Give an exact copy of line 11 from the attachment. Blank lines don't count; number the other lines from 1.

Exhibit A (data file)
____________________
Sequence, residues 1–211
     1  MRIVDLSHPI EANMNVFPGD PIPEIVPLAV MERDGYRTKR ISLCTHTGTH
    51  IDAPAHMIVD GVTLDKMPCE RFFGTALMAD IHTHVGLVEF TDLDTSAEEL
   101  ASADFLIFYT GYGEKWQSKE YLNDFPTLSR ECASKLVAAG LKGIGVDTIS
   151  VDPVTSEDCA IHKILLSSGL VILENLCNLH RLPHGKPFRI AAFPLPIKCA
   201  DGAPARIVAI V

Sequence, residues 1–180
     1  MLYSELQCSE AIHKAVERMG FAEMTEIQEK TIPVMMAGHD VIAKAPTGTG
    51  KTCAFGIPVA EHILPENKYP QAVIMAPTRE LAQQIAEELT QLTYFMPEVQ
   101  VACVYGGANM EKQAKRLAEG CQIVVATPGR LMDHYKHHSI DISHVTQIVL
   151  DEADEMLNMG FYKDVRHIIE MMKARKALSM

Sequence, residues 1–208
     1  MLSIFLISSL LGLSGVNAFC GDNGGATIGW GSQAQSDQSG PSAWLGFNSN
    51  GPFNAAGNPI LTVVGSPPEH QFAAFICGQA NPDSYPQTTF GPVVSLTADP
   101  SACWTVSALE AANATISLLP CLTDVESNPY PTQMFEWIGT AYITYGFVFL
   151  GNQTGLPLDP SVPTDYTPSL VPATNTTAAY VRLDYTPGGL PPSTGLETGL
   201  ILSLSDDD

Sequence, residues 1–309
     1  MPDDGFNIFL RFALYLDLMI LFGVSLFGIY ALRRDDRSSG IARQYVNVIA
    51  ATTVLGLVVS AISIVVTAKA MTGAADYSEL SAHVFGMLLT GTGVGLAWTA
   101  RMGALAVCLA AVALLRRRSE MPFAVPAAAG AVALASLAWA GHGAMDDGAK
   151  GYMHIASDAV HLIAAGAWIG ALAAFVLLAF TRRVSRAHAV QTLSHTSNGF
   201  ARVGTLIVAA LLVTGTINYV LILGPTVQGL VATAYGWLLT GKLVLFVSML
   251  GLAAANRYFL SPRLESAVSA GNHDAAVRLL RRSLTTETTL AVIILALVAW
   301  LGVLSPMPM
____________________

   151  DEADEMLNMG FYKDVRHIIE MMKARKALSM